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Trump and Biden Debate Repeatedly Dissolves into Shouting Match

Moderator spends much of debate trying to maintain control as president repeatedly interrupts questions and responses.
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The U.S. presidential campaign entered the stretch run Tuesday with the first of three debates between President Donald Trump and former vice president Joe Biden dissolving into little more than a 90-minute shouting match.

The highly anticipated event took place in Cleveland, one of the largest cities in the key battleground state of Ohio.

Trump has been polling behind Biden in many national polls. More importantly, he also trails in many of the battleground states where he won slim victories to capture the electoral college and the presidency in 2016 over Hillary Clinton.

The debate touched on a variety of issues, including the  coronavirus, racial justice, job losses and the Supreme Court. 

But more often than not questions and responses were overridden by Trump, who repeatedly ignored time limits and talked continuously during questions from moderator Chris Wallace and responses by Biden. On more than one occasion Wallace said to the president "The country would be better served with fewer interruptions."  Trump countered that "I guess I'm debating you now."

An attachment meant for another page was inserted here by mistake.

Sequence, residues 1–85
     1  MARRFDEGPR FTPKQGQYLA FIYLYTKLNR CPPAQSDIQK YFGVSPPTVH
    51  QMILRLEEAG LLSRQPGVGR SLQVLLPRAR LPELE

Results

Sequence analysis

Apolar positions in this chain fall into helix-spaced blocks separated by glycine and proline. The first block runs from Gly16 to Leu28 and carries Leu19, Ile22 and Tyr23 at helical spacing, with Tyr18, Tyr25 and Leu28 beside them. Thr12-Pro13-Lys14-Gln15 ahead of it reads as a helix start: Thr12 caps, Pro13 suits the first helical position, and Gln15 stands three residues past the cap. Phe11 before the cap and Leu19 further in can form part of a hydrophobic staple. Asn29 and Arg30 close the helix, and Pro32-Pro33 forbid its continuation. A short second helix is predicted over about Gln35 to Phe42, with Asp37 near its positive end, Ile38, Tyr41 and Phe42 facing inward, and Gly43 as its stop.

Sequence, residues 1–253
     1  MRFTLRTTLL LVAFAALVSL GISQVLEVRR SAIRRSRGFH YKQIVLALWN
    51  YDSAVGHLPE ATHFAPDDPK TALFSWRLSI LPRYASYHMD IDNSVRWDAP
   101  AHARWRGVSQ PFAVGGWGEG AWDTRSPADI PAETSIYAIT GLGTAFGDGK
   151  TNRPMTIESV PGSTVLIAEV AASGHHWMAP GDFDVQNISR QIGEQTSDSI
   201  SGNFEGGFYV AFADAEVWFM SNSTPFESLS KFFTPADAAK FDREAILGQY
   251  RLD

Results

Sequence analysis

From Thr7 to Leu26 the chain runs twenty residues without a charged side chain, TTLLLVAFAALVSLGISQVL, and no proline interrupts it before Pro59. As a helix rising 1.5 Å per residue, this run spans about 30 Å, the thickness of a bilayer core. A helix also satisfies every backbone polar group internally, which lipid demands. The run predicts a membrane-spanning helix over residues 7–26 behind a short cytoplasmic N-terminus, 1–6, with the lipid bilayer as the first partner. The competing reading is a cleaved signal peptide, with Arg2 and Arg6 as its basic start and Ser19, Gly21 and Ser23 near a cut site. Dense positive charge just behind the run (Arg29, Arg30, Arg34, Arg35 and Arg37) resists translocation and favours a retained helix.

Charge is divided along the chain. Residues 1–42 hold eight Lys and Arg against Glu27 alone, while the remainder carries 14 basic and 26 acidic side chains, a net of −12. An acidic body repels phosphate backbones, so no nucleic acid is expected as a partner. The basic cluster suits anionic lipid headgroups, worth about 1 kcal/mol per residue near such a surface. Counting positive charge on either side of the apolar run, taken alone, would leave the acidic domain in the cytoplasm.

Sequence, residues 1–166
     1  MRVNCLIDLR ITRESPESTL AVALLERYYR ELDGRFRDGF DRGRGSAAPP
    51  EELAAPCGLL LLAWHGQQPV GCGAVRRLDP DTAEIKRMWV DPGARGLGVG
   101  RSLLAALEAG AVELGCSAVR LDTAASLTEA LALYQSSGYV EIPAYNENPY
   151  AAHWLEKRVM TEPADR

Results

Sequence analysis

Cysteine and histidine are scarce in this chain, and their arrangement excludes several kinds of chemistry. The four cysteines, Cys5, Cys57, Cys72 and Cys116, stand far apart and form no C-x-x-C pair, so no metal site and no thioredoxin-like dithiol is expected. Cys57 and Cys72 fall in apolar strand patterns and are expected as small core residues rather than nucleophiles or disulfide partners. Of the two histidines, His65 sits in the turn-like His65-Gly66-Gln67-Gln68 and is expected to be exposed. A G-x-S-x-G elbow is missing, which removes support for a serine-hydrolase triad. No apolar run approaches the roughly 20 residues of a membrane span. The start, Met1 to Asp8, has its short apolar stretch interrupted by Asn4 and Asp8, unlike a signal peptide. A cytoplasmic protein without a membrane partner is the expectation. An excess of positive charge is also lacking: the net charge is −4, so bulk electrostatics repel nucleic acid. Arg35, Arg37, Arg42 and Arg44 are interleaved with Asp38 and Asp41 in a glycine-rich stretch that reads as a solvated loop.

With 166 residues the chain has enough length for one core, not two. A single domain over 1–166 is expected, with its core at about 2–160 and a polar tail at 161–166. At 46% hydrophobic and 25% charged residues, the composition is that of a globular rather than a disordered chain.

Biden, who referred to Trump as a "clown" on more than one occasion, put it more bluntly, saying to the president at one point, "Will you shut up, man?"

But the lack of a kill-switch for the candidate's microphones meant Trump was free to mutter asides into his microphone, with catcalls about the "radical left,""Pocahontas" and repeated references to Biden's son's financial dealings. 

That prompted Biden to retort that "We could talk about his family all night."

Trump claimed that he pays millions of dollars in income taxes, notwithstanding a New York Times report that he paid only $750 a year in the first two years of his presidency.

"Show us," Biden repeatedly said to Trump, who has refused to release his tax returns despite having promised to in the early stages of his first campaign. 

Biden released his tax returns Tuesday, showing he paid $300,000 in income tax last year.

Late in the debate, the discussion turned to domestic extremism. When asked if he would condemn white supremacy, Trump declined, saying instead "Proud Boys, stand back and stand by."

While Trump's aggressive approach is certain to appeal to his hardcore base, it remains to be seen whether it will help him win.

The election is likely to turn on the decisions of women voters who picked Trump over Clinton in 2016, but who since have become disenchanted with the frequently boorish and combative president.

Two more presidential debates are scheduled in October.